- Register your copyrights. See more in my guest post on The Digital Reader, linked below, for why you should do this. But in a nutshell: if someone rips you off, you'll be glad you did.
- Check to see if the rights are reverting in any of your old titles. One good suggestion: make a chart of what books revert when, and cross-reference against your royalty statements to make sure that you're not missing any territories or activities.
- Check to see whether any new sales territories or channels have opened up and you've missed it. Example: rumor has it that Amazon is about to add Kindle stores for Japan and China. Do you need to do anything to authorize those territories if that happens?
- If you work in historical genres, ask yourself whether anything fell into the public domain this year that might be useful to you. Pride and Prejudice and Zombies may not be your bag, but Seth Grahame's decision to remix one of the most famous works of fiction sure turned out well for him. This is different for different countries and I've put a good reference source for dates below. (Yes, things fall into the public domain based on the year and not the month, but it's still a good habit...)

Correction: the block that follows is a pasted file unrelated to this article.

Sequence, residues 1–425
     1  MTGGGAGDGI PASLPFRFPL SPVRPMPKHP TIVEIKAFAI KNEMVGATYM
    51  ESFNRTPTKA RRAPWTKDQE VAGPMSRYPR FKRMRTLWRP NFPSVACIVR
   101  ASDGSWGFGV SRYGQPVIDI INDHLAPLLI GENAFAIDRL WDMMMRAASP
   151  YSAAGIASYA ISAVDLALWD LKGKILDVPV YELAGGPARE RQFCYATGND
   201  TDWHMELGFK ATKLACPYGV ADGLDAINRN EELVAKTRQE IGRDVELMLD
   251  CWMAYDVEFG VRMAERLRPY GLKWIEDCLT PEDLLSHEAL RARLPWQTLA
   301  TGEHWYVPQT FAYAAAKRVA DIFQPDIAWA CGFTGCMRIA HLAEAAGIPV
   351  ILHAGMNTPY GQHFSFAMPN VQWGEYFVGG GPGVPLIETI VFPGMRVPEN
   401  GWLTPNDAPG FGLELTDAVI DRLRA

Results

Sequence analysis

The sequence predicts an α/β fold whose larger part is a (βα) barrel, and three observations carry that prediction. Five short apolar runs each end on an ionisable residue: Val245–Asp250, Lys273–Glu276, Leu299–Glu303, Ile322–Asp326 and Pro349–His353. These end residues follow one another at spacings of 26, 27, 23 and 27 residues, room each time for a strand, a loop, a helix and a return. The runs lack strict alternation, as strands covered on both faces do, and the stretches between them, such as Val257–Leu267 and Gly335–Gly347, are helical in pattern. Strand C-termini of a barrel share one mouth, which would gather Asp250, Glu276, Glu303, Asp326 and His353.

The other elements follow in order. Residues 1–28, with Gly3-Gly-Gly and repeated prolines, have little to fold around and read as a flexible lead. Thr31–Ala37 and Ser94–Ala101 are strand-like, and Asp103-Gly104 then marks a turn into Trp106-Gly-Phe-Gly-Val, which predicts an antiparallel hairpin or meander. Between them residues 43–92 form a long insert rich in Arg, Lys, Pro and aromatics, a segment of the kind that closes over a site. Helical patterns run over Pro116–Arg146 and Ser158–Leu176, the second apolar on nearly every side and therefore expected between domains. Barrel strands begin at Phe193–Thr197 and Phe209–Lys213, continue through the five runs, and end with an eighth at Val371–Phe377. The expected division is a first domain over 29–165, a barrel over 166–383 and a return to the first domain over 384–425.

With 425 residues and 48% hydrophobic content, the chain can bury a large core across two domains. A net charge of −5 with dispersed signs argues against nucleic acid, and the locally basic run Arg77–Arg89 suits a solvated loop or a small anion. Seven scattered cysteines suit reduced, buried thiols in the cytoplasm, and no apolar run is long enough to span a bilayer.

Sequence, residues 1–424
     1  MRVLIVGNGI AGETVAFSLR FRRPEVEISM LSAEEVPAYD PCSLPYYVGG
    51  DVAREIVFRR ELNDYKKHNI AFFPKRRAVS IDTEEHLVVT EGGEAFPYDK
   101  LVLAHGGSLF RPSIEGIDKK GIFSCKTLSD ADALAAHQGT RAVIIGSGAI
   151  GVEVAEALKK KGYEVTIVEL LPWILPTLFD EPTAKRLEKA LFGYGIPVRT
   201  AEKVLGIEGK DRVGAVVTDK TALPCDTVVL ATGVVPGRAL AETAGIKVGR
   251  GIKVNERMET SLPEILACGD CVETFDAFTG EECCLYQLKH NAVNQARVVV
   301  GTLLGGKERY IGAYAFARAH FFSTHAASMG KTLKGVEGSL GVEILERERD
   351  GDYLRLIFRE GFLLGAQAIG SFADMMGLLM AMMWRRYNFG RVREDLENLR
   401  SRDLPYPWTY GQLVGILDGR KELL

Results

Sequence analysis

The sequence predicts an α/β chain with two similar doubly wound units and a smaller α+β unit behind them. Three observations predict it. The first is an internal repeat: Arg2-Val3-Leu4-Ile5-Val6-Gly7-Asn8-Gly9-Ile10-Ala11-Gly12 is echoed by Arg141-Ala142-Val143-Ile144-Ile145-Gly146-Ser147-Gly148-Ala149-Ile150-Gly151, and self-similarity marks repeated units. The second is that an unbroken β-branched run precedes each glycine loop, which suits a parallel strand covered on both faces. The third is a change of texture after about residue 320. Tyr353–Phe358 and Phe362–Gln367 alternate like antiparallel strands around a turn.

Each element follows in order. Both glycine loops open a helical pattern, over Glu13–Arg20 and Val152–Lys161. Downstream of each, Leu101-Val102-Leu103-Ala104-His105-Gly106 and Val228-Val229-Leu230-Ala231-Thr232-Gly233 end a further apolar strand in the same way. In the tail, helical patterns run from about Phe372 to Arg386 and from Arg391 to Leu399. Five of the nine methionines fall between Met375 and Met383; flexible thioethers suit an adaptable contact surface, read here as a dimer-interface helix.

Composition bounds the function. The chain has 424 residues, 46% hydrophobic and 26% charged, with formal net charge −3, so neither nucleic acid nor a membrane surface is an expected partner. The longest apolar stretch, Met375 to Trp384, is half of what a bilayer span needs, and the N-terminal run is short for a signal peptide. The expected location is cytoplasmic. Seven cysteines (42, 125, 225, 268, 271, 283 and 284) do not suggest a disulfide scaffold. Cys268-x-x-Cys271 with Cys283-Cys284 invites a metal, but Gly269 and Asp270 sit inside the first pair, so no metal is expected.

- If you work in sci-fi, technothrillers, or other invention-happy genres, maybe take a look at the database of the US Patent and Trademark Office to find some new inventions that might inspire you. Another interesting prospect is the USPTO's new Ask Patents site, where members of the public will be invited to comment on things like pending patent applications. It's already turning out to be a great source for knowledge about how inventions work as well as discussions about new technologies being created today for use tomorrow.
My post on The Digital Reader about registering copyrights:
Cornell Law School list of dates for public domain:
USPTO new Ask Patents beta site: